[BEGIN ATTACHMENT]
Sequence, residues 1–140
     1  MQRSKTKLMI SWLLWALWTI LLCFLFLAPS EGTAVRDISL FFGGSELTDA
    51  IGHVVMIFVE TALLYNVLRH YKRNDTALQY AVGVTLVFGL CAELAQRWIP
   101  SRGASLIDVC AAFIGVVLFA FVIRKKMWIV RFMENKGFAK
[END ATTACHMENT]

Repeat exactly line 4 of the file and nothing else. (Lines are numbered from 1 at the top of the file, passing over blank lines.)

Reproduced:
   101  SRGASLIDVC AAFIGVVLFA FVIRKKMWIV RFMENKGFAK